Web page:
Last May, the San Francisco Chronicle’s Al Saracevic famously wrote that “Lew Wolff is the most hated man in Oakland.”
Harsh words. But as it turned out, Saracevic may have been optimistic. About six months later, ESPN the Magazine published their sports franchise rankings and it wasn’t pretty, as it pertains to Wolff and other A’s owners. ESPN listed theOakland A’s as the 98th best franchise, but that score would have been better if A’s owners hadn’t dragged down the final score with their lousy ranking.
Where did the national publication rank Wolff and co-owner John Fisher? 121st. Yes, that’s 121st out of 122 teams. Only the Maloof brothers, then-owners of the Sacramento Kings, fared worse. ESPN ranked Wolff as “… the second-most loathed owner” among all sports team owners in the U.S. and Canada. Then the magazine described Bay Area baseball buffs as “a fan base that can’t stand him.”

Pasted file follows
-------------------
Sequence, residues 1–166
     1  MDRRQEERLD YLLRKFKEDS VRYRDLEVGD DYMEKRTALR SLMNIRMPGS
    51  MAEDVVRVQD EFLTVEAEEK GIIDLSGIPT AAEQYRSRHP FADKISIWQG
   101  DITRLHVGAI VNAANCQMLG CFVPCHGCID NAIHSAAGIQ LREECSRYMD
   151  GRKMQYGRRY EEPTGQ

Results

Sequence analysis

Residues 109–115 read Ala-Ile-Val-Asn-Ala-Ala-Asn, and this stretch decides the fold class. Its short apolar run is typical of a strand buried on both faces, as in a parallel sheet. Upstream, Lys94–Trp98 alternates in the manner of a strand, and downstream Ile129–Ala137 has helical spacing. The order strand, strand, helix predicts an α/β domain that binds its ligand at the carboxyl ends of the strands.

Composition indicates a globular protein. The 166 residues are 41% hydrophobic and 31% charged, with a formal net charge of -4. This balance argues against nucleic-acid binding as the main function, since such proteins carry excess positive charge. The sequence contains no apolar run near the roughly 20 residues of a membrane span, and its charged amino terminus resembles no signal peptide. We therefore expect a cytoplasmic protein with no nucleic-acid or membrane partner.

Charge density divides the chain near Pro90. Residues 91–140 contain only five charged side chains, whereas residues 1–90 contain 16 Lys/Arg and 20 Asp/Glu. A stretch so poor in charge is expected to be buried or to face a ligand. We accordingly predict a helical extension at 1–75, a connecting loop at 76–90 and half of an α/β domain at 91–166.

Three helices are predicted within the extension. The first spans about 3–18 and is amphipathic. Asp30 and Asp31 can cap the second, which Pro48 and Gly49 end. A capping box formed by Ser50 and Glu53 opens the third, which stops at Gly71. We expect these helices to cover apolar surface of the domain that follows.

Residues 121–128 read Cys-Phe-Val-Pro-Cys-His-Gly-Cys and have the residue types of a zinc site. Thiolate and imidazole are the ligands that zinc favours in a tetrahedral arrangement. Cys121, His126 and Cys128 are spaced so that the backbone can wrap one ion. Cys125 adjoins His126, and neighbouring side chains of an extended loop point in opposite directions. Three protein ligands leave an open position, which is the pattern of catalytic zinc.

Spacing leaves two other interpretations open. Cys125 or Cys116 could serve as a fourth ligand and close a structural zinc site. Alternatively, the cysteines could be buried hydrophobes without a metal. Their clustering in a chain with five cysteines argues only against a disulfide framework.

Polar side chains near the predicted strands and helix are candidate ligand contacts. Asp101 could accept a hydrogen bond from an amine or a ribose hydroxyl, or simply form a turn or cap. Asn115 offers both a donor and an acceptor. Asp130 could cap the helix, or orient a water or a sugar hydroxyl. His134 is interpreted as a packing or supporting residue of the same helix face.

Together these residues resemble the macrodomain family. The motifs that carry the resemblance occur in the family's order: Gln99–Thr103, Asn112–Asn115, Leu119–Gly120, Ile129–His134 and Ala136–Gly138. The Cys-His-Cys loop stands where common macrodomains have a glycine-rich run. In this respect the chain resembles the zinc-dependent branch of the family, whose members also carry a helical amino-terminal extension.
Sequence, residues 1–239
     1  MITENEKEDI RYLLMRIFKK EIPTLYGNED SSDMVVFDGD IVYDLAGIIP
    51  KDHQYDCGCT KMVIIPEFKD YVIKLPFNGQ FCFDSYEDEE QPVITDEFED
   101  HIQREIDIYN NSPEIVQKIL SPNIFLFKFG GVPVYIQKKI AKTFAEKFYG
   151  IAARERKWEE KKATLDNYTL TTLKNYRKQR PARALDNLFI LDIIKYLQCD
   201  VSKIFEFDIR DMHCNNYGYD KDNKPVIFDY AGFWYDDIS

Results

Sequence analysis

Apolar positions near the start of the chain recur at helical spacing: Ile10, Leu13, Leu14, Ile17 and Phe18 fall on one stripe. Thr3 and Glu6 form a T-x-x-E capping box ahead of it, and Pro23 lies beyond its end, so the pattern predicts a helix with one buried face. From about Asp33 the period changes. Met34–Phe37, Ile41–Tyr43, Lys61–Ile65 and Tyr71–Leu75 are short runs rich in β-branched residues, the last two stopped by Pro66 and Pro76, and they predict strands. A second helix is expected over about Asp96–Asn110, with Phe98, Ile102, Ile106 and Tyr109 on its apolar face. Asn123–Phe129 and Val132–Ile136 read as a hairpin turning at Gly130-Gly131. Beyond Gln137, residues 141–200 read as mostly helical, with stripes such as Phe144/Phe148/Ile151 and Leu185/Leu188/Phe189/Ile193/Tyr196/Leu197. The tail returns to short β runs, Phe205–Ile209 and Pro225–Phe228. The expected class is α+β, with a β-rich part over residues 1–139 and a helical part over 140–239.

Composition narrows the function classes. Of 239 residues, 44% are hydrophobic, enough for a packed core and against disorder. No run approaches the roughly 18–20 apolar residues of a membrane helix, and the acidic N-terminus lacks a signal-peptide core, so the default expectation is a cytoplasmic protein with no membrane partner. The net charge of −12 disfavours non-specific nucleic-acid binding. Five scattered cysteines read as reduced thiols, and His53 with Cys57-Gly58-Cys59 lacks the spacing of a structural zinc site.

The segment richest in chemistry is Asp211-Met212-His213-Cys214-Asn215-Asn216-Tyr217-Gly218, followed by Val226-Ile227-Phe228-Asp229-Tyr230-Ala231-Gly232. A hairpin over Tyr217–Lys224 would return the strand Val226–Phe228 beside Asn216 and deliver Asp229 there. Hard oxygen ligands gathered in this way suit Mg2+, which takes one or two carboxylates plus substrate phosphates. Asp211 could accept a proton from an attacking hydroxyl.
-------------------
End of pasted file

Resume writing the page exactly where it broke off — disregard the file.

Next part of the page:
Other national publications have taken notice. The New York Times’ reporter Ken Belson last spring wrote the following about Wolff:
“The strategy has led fans to accuse Wolff of trashing the current A’s to prove that operating in Oakland is untenable. Fans resent that Wolff has put tarps over the upper deck — even during the 2006 playoffs — and shuttered concession stands. Handmade signs that say ‘Slumdog Billionaire’ and ‘Don’t Take Our A’s Away’ now show up in the stands.”
The same New York Times article noted the cause and effect between Wolff and Fisher becoming owners in 2005 and the instantly negative effect their ownership has had on attendance:
“For much of the 1980s and early 1990s, the A’s routinely outdrew the Giants; as recently as 2005, the A’s drew more than 2.1 million fans. The next year, Wolff and the Fisher family took over the team, and attendance has fallen ever since …”
“This is no way to run a ballclub, folks. … Find a way to get a beautiful new stadium built in Oakland. If you can’t do that, sell it to someone who will.”